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ADA Compliance: What All Facility Managers Should Know

ADA Compliance: What All Facility Managers Should Know

The Americans With Disabilities Act is designed to make buildings safe and accessible for everyone, including people with limited mobility. Unfortunately, making a facility accessible for people with disabilities isn't always intuitive. It can be tough to stay up-to-date on what's required and implement these measures. Before undergoing an ADA compliance check, there are a number of things facility managers should know.

Keeping Up-to-Date on ADA Requirements

It's important to realize that ADA regulations are not the same as building codes -- while building codes are for everyone's safety, the ADA is a civil rights law that ensures that people with disabilities have equal access to public spaces. Depending on the location of the facility, different state and federal standards might come into play. The best way to stay on top of current regulations is to know exactly which rules apply to a given location, confirm which plan the city or county has chosen to adhere to, and make an effort to keep abreast of any changes.

How to Audit Facilities for ADA Compliance

Facility managers can self-audit their buildings to spot minor problems. The best way to go about this is to:

  • Become very familiar with ADA regulations. Know exactly what you need to be on the lookout for.
  • Get a copy of the facility's floorplan.
  • Pick out spots that are likely to have issues with compliance. Is there an entrance that isn't wheelchair accessible? Are the doorways and halls wide enough to allow someone with mobility aids to pass through? Are there handrails?
  • Perform a thorough walk-through. Pay particular attention to all of the areas highlighted in the previous step.
  • Make a list of all of the areas that are non-compliant.
  • Prioritize this list. Basic accessibility needs, like the need for handrails, should be at the top of the list.
  • Create a plan of action for tackling this list and bringing these areas into compliance.
  • Follow through. It may not be possible to handle every item on the list right away, but having a prioritized list and working through it will help make a facility more usable for visitors with disabilities, and decrease the likelihood of lawsuits.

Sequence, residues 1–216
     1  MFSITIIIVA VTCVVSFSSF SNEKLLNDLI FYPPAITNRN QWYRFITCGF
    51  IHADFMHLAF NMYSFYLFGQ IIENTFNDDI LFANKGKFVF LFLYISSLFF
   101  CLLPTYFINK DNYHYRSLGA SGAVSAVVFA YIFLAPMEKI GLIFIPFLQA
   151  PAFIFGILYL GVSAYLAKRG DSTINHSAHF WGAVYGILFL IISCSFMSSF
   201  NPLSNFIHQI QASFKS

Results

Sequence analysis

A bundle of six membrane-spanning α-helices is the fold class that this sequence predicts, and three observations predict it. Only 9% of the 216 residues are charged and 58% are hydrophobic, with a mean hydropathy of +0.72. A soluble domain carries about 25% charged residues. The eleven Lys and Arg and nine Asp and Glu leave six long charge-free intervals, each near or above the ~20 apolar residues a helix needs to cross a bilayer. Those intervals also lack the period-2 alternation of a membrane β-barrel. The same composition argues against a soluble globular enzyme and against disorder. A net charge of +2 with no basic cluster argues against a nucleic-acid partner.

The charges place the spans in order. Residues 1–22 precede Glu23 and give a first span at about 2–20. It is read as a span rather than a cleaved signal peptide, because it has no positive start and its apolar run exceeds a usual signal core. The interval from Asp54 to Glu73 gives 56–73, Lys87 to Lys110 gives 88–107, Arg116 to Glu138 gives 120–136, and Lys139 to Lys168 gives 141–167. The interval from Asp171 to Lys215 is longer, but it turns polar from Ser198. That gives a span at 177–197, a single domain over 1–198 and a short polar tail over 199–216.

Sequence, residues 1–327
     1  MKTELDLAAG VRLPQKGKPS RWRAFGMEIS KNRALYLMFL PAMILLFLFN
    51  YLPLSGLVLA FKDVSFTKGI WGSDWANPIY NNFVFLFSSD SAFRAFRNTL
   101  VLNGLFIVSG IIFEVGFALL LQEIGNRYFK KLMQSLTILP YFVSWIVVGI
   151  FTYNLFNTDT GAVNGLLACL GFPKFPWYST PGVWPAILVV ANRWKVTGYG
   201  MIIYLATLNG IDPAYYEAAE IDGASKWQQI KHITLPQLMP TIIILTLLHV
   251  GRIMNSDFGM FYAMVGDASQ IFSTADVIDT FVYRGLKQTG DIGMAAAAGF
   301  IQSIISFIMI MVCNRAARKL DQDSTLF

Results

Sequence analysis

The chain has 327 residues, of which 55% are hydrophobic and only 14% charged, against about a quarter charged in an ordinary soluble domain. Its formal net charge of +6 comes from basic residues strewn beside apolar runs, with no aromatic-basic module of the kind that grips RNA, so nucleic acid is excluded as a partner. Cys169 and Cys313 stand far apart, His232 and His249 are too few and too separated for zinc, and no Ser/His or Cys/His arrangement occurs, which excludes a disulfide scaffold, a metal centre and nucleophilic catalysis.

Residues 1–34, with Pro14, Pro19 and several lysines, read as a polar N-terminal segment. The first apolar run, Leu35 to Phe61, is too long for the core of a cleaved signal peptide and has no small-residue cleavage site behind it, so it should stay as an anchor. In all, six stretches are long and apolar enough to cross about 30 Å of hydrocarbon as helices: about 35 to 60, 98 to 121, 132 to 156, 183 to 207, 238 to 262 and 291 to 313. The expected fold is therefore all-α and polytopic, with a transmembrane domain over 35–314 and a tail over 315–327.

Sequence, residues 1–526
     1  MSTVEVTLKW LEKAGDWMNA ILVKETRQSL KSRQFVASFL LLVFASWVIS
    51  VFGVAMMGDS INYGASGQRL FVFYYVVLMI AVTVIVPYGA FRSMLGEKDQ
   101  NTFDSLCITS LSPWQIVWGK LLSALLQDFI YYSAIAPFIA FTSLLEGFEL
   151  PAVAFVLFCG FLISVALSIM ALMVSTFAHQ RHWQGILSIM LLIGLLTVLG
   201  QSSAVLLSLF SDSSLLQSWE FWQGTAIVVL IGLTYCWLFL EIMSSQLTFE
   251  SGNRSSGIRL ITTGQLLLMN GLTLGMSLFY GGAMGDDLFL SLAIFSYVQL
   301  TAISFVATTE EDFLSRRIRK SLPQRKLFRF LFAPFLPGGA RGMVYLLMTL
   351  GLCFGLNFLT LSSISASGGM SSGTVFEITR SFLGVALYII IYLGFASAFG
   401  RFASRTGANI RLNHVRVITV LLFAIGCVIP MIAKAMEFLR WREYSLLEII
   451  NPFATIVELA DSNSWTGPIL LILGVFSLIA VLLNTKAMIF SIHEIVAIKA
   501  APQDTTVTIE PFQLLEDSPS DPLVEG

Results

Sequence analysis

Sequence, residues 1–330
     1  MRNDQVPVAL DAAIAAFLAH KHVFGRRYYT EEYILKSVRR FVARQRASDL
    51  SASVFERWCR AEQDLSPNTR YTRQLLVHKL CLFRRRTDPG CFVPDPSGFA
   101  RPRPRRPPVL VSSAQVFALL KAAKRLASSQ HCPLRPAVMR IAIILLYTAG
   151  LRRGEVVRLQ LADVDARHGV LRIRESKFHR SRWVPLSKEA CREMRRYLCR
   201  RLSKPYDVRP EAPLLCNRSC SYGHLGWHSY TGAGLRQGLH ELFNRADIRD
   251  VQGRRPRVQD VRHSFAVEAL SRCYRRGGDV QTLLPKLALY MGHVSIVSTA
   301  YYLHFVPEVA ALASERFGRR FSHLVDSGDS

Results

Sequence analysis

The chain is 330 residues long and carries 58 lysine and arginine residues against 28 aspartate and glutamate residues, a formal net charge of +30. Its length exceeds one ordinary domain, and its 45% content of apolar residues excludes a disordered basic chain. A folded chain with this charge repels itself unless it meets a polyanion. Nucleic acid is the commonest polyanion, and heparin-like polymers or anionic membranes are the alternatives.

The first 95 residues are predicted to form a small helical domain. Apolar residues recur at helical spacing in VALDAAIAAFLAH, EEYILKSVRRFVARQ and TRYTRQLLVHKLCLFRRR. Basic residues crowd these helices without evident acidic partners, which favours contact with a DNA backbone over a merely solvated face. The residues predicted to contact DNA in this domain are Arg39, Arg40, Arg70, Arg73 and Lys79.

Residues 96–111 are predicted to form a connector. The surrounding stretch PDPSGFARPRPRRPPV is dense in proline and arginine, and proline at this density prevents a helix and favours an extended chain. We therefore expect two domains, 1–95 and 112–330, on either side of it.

Getting and Staying Compliant

When it comes to accessibility, the onus should not be on visitors with disabilities to complain about problems they face using a facility. ADA infractions should not happen, and it's the owners' and managers' responsibility to make sure that they don't. As better information becomes available, ADA regulations change over time. Unfortunately for facility managers, there's no such thing as "grandfathering" -- if a building felt out of compliance when the rules were updated, it must be brought back into compliance or face legal trouble. When it comes to getting in compliance, it's important to adhere strictly to the ADA rules for that location. If a building design requires some customization, like aesthetic modifications to an entry ramp, work closely with a contractor who has experience with ADA regulations to avoid mistakes. It's also a good idea to stay near the middle of required ranges for dimensions like slope or distance -- this will ensure that a minor measuring error doesn't throw the building out of compliance. The best way to stay in compliance is through thorough employee training. A building can be completely within regulations when it's built, but it's up to maintenance crews to keep it that way. The trouble is, it's often difficult for able-bodied employees to intuitively know how to stay ADA compliant -- through no fault of their own, they aren't used to seeing the world through the eyes of someone with a disability. Maintenance staff might unwittingly create problems by hanging coat hooks too high or place objects in the path of wheelchair users. Maintenance personnel needs to thoroughly understand ADA regulations since they'll be the ones cleaning and repairing things impacted by them.

What Happens if Buildings Aren't Up to Code

While ADA compliance might be the last thing on most facility managers' minds, that doesn't make it any less important. Spending some time and money bringing buildings up to code can end up saving hundreds of thousands of dollars and hundreds of hours in the long run. Since the ADA is a law, not just a building code, not being up to standard opens a facility up to potential liability. Lawsuits can end up costing defendants over $5k per each complaint, and that's if they don't involve personal injury. While it might not be possible for a facility to remove every obstacle to accessibility right away, it should be an ongoing effort. Roughly 1 in 4 adults in the U.S. alone suffer from a disability. Adhering to the ADA should be about more than just liability -- poor accessibility can drive away a significant portion of a facility's potential users. Good accessibility and a welcoming attitude brings in more visitors and can go a long way toward improving a business' image in the community.

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